I just came back from the NIBS Conference. This is without question, the most valuable, authoritative meeting relative to BIM in the United States. How many people were there you might ask? A few hundred at most.
So, what does any of this matter? Simple really. Until our industry stops the hype and focus on important issues relative to BIM, we will continue to be mired in inaction. The AECOO is the most unproductive business sector and also has the lowest rate of technology adoption. These are facts…. if one wishes to be interested in facts that is.
Here some thoughts as to where emphasis must be placed:
In the long history of humankind, those who learned to collaborate and improvise most effectively have prevailed.
– Charles Darwin
BIM, the life-cycle management of the built environment supported by digital technology, requires a fundamental change in how the construction (Architects, Contractors, Engineers) and facility management (Owners, Service Providers, Building Product Manufactures, Oversight Groups, Building Users) sectors operate on a day-to-day basis.
BIM, combined and Cloud Computing are game changers. They are disruptive technologies with integral business processes/practices that demand collaboration, transparency, and accurate/current information displayed via common terminology.
The traditional ad-hoc and adversarial business practices commonly associated with Construction and Facility Management are changing as we speak. Design-bid-build and even Design-Build will rapidly go by the wayside in favor of the far more efficient processes of Integrated Project Delivery – IPD, and Job Order Contracting – JOC, and similar collaborative programs. (JOC is a form of integrated project delivery specifically targeting facility renovation, repair, sustainability, and minor new construction).
There is no escaping the change. Standardized data architectures (Ominclass, COBie, Uniformat, Masterformat) and cost databases (i.e. RSMeans), accesses an localized via cloud computing are even now beginning to be available. While historically, the construction and facility management sectors have lagged their counterparts (automotive, aerospace, medical, …) relative to technology and LEAN business practices, environmental and economic market drivers and government mandates are closing the gap.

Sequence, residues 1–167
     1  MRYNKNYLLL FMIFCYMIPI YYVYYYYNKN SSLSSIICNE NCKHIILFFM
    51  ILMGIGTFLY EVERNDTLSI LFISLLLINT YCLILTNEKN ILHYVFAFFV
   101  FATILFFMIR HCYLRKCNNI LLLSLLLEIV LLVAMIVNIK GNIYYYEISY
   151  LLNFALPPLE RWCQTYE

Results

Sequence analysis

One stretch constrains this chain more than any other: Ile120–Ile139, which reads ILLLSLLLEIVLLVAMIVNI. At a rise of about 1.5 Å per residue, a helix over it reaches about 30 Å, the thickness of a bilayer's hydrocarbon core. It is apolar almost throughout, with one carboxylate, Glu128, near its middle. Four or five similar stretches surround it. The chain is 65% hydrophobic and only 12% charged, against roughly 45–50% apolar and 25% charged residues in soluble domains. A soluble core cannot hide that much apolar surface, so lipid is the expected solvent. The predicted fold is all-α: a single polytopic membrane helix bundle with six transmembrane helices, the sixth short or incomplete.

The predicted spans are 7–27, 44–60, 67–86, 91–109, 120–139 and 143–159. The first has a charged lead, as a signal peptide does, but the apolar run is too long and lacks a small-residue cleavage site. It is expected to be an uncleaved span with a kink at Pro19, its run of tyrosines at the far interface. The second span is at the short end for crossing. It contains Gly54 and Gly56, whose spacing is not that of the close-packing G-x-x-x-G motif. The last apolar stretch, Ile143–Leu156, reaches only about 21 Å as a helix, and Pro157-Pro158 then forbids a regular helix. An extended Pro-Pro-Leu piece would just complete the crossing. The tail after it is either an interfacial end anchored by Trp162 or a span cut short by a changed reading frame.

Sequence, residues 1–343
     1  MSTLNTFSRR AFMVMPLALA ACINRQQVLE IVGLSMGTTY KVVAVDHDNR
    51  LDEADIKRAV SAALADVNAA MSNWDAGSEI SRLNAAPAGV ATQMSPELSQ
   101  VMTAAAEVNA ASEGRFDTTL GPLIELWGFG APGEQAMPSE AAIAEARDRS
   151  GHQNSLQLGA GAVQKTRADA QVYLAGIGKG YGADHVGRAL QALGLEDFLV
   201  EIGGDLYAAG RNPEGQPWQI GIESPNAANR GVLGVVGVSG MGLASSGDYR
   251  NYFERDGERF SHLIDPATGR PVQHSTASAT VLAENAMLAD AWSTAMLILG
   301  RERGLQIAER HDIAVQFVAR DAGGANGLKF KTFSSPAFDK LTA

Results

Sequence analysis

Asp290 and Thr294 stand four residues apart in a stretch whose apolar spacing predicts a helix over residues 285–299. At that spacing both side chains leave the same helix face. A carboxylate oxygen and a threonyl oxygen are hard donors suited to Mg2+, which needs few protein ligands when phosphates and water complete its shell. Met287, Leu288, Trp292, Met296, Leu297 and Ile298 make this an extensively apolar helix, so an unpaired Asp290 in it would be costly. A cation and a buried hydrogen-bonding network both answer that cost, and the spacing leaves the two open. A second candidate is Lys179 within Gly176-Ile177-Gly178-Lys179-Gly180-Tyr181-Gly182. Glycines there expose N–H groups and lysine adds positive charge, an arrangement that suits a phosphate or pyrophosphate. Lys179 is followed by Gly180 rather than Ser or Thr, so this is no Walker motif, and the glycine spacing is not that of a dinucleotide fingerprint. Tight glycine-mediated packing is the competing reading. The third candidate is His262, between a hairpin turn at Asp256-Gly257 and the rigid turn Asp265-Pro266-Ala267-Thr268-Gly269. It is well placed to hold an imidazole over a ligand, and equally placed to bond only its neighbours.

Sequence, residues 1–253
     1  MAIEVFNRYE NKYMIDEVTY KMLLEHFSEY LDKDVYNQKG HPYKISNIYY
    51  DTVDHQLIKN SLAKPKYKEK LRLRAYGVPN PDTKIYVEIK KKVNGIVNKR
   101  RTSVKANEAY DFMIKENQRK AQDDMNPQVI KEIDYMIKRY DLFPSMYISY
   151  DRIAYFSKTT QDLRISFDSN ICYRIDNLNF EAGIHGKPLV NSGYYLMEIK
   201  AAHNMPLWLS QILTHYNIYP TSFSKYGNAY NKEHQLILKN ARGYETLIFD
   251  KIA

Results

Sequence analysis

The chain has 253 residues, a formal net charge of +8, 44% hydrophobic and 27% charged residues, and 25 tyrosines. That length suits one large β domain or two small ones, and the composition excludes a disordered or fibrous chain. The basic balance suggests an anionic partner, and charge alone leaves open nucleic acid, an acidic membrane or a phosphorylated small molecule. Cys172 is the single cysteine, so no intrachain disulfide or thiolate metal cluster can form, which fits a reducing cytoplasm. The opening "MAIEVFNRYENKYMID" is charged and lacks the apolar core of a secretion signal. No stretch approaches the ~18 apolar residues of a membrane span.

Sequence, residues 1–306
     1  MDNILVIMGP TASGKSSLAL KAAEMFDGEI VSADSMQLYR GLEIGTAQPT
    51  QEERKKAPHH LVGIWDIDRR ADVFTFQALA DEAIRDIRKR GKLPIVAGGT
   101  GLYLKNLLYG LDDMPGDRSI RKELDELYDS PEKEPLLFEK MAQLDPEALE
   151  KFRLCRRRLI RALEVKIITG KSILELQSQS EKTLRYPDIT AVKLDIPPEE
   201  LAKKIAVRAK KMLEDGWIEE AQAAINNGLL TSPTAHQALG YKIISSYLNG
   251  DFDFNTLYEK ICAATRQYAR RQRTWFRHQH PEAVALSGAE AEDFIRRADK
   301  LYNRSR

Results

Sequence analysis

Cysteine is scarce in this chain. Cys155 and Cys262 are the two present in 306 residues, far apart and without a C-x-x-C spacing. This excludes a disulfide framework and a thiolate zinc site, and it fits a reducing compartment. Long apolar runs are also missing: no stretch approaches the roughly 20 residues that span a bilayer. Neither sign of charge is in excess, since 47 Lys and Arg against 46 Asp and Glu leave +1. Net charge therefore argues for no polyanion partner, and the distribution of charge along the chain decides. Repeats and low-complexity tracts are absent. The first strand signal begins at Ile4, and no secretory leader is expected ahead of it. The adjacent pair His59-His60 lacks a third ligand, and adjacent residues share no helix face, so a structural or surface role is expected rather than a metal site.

The construction and life-cycle management of the built environment requires the integration off several knowledge domains, business “best-practices”, and technologies as portrayed below. The efficient use of this BIG DATA is enabled by the BIM, Cloud Computing, and Integrated Project Delivery methods.
The greatest challenges to these positive changes are the CULTURE of the Construction and the Facility Management Sectors. Also, an embedded first-cost vs. life-cycle or total cost of ownership perspective. An the unfortunate marketing spotlight upon the technology of 3D visualization vs. BIM. Emphasis MUST be place upon the methods of how we work on a daily basis…locally and globally − strategic planning, capitial reinvestment planning, designing collaborating, procuring, constructing, managing and operating. All of these business processes have different impacts upon the “facility” infrastructure and construction supply chain, building Owners, Stakeholders, etc., yet communication terms, definitions, must be transparent and consistently applied in order to gain greater efficiencies.
Some facility life-cycle management are already in place for the federal government facility portfolio and its only a matter of time before these are expanded and extended into all other sectors.
BIM, not 3D visualization, but true BIM or Big BIM, and Cloud Computing will connect information from every discipline together. It will not necessarily be a single combined model. In fact the latter has significant drawbacks. Each knowledge domain has independent areas of expertise and requisite process that would be diluted and marginalized if managed within one model. That said, appropriate “roll-up” information will be available to a higher level model. (The issue of capability and productivity marginalization can be proven by looking a ERP and IWMS systems. Integration of best-in-class technology and business practices is always support to systems that attempt to do everything, yet do not single thing well.)
Fundamental Changes to Project Delivery for Repair, Renovation, Sustainability, and New Construction Projects MUST include:
A workshop with members from the BIM Academy, NBS, and various other was recently held to postulate on this topic.
As one might expect topics encompassed; design, procurement, policy and standards, technology, education and culture, success to date, areas for innovation, challenges, and barriers to adoption.